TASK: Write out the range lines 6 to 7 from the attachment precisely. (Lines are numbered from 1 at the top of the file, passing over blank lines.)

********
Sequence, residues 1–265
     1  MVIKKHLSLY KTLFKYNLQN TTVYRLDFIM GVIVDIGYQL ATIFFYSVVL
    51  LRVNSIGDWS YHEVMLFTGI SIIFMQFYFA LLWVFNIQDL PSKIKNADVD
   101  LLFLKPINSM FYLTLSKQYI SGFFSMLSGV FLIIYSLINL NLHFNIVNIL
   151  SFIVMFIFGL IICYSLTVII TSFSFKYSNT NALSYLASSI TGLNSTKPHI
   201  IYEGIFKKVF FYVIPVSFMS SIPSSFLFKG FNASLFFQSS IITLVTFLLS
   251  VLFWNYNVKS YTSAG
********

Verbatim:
   201  IYEGIFKKVF FYVIPVSFMS SIPSSFLFKG FNASLFFQSS IITLVTFLLS
   251  VLFWNYNVKS YTSAG